However, the commission will have its first meeting as the hospital board at 7:30 a.m. May 24 because that meeting already was scheduled.
But going forward, commission members expressed a desire for all future meetings to be held in the evening, likely at 5:30 p.m.
Openness and transparency
Niles cautioned the commissioners that any hospital board meetings will be subject to the open meetings laws and notice of meetings still will have to be sent to those who request such information.
“Just for everyone watching on camera and in the audience, we were very careful not to violate the Kansas Open Meetings Act, and so we did not discuss this in a closed room. We wanted to do it, as tenuous as it may be, right in front of everyone,” Jurkovich said.
“So it may look like a messy process … but what I really want to do is make sure there is a City Commission and a hospital board that (are) headed in the same direction. We don’t have that direction yet.”
One point Commissioner Duane Oestmann was curious about involved the separation of the city’s finances and the hospital’s finances.
There still will be a separation of the two entity’s finances, apart from the city’s financial responsibility for payment of the construction bonds used to build the hospital, according to Niles. That was one reason she advocated retaining the charter ordinance in some form.
Craft house approved
After some bumps in the road, the commissioners also voted 4-1 to issue a conditional use permit to Lori Newsome to operate a “craft house” for her property at 2526 Valley View Drive.
A craft house, as presented by the owner, is a home in which women can gather for communal crafting time and where they are welcome to spend the night. There would be fees associated with renting the space to craft during weekends.
The concept was unfamiliar to the commissioners and had been tabled during the last commission meeting for further study.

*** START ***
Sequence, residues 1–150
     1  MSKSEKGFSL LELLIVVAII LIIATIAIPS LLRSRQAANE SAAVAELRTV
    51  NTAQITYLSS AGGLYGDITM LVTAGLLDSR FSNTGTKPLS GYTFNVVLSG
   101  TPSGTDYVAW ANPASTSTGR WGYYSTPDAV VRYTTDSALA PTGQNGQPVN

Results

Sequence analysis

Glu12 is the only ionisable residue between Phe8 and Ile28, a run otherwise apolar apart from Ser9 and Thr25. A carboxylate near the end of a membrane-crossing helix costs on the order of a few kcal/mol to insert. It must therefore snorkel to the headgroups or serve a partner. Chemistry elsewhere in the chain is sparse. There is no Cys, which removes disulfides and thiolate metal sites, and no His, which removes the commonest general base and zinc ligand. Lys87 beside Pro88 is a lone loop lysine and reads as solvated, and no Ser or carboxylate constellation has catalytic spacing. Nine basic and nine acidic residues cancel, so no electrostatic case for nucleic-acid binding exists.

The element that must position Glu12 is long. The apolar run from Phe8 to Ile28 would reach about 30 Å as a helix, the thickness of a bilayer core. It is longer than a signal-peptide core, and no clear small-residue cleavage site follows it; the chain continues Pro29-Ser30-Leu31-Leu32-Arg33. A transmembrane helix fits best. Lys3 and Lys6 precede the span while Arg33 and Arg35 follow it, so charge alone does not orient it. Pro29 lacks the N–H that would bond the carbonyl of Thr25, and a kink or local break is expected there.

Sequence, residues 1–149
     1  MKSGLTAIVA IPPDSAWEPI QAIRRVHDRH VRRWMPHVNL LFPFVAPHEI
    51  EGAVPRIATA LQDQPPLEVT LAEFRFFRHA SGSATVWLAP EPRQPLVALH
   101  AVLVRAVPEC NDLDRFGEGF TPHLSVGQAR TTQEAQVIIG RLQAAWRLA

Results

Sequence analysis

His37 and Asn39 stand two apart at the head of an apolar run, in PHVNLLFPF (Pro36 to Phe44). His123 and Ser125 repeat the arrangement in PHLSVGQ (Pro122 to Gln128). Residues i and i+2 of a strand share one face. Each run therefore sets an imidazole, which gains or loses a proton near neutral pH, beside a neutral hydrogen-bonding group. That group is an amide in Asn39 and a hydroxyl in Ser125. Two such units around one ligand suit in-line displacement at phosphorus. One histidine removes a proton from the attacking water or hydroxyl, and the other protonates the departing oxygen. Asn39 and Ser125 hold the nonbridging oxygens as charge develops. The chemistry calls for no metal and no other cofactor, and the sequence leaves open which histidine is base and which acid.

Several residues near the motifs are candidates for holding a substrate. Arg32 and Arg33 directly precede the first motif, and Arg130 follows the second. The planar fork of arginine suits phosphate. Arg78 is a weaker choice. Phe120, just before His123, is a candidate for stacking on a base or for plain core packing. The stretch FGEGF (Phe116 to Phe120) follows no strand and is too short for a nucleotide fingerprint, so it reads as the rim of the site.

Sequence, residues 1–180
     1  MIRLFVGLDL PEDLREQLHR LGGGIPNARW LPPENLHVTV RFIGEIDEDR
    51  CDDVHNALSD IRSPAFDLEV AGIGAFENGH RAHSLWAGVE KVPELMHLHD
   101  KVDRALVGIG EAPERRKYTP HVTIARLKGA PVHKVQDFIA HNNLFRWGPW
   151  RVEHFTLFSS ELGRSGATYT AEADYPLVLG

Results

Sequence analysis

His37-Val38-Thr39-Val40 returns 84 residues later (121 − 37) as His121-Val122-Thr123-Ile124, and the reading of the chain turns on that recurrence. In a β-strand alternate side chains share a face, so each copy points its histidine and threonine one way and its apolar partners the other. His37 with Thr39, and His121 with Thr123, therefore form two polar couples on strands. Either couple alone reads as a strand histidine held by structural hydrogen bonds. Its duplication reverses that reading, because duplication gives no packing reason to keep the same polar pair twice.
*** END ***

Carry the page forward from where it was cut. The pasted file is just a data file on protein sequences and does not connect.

Initially, the permit failed on a 2-3 vote, with only Warren and Welch casting “yea” votes.
Jurkovich, Oestmann and Kanyon Gingher expressed a desire for Newsome to try going back to the Planning Commission to see if the venture could be reconfigured as a home-based business.
The first vote failed to resolve the issue because any disapproval of the permit has to pass with a two-thirds majority vote, per state statute.
However, after more discussion — as well as motions to table the matter again or send it back to the Planning Commission that failed to garner seconds — a second motion to approve the permit finally passed. Jurkovich cast the dissenting vote.
In other business, the commission:
- issued a proclamation designating May 20-26 as National EMS Week in Arkansas City.
- unanimously approved a charter ordinance exempting the city from the provisions of a Kansas statute relating to libraries, and providing substitute and additional provisions. This charter ordinance will change the length and number of terms allowed for library trustees, as well as clarify the voting status of the commission representative and shrink the board by one member. A proposal to raise the library’s property tax cap by 1 mill was eliminated from the ordinance prior to its passage.
- unanimously approved an ordinance fixing the compensation for an amended job title. The public works director position was redefined to eliminate city engineer duties, while the assistant public works director and executive assistant positions were eliminated.
- held a public hearing on and approved a resolution amending an existing resolution, determining the advisability of issuing taxable Industrial Revenue Bonds for the purpose of financing the acquisition, construction and equipping of a commercial facility to be located within Goff Industrial Park. The change was necessary because a tenant has been secured for the building. Welch abstained from voting due to a perceived conflict of interest related to her holding of stock in Ark City Industries, which owns the property.
- heard updates from City Manager Nick Hernandez on Spring Cleanup Day, his upcoming trip to Las Vegas for a retail convention and the Historic Preservation Board’s public hearing May 21 on the downtown historic resurvey results.